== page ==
The second one might have been a Dell mini laptop, but I don't recall exactly.
Gordon Kerr
Another way - Belkin makes tape deck adapter with a jack that goes into your laptop/MP3 etc. If you have a MACHO stereo in your vehicle, hang onto your shorts because this baby really works! MP3 FM digital sound is phenomenal.
Gordon Kerr
Musta hit the wrong button!
If you play a DVD movie on your laptop and plug this puppy in your Macho stero - Presto - Theatre Sound Surround ! Cost of cassette adapter - $19.95 @ WallMart.
Cost of FM adapter - $68 to $99. Your choice!
Gordon Kerr
On further thought:

If your vehicle has an input jack you will need a cable/cord with jacks on both ends- one for laptop and one for vehicle - Now there's something to source out.

Let's call it a JackJack!
Ken in Regina
Musta hit the wrong button!
If you play a DVD movie on your laptop and plug this puppy in your Macho stero - Presto - Theatre Sound Surround ! Cost of cassette adapter - $19.95 @ WallMart.
Cost of FM adapter - $68 to $99. Your choice!
I had one of those cassette adapters. On a long trip the clicking drove me crazy after a few hours, so I tossed it in the trash at the next fuel stop. That was a few years ago so maybe they've figured out a way to stop that clicking as the capstan in the tape deck spins.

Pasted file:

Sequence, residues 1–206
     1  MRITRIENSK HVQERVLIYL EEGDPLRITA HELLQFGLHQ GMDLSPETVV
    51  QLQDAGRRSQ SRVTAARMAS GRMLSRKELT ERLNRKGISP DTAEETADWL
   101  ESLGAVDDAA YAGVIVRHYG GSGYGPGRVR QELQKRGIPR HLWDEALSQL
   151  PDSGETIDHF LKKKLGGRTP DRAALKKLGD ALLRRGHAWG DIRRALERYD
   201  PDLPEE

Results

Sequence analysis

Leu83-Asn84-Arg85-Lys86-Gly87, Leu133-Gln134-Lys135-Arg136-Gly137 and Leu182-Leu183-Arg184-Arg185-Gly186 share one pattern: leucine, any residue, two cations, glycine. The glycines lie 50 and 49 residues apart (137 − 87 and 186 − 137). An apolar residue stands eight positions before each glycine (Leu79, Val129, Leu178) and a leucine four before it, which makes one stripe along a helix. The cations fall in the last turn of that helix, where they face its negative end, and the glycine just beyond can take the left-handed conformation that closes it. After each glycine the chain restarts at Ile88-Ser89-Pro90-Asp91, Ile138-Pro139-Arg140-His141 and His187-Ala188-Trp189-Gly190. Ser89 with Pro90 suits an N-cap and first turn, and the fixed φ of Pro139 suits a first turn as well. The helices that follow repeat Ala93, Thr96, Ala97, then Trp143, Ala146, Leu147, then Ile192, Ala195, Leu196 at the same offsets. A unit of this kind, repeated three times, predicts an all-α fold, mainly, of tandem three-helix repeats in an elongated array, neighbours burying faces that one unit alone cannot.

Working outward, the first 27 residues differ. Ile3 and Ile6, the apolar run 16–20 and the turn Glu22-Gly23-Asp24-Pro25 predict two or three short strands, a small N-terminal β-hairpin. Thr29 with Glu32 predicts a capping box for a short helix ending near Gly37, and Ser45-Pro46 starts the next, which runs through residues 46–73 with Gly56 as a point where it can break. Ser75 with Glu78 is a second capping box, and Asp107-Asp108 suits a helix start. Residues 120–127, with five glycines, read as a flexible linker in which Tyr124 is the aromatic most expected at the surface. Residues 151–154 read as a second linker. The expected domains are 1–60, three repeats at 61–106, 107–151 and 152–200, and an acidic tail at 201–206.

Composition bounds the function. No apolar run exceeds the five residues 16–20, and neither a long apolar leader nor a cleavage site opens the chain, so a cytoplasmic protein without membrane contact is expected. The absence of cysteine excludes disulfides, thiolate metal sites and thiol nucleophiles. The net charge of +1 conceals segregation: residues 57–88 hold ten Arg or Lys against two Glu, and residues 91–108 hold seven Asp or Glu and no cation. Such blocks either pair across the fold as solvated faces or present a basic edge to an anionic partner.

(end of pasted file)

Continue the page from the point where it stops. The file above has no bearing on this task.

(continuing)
Of course my vehicle now has a CD player in it so a cassette adapter wouldn't work anyway. The Belkin FM unit I have now was Cdn$32 and does a nice job.

The problem with either of these is that you can't listen to the radio. That's okay if you would rather listen to MP3s off the computer, but if you really want to listen to the radio you're out of luck.

...ken...
tcassidy
And the problem with listening to audio files is they don't pause when the GPS program has information. So you might not hear it anyway. I'm sure there is a way around that but haven't found it yet.

Terry
Gordon Kerr
Okay

Now what about a Jack/Jack ?
Marvin Hlavac
And the problem with listening to audio files is they don't pause when the GPS program has information. So you might not hear it anyway. I'm sure there is a way around that but haven't found it yet.
There is a software solution for this, I just don't remember the name of the program. I came across it a couple of years ago. People in CarPC communities use it to automatically mute MP3 player(s) while navigation software is giving voice directions prompts.
Mandolin Guy
The earphone idea is best, in my opinion. You don't need to spend the big bucks. Get a small in-the-ear earphone and only wear it in one ear. You can even take it out a great deal of the time because your program can tell you how far til the next event. When you're getting close, put the earphone in. You certainly don't need it on long stretches with no turns, etc. You probably already have a single earphone around the house somewhere. If you spend more than about $2.00 for one, however, you've spent too much.

Wearing headphones that go on the ears or cover the ears can be dangerous. You need to be aware of sounds around you.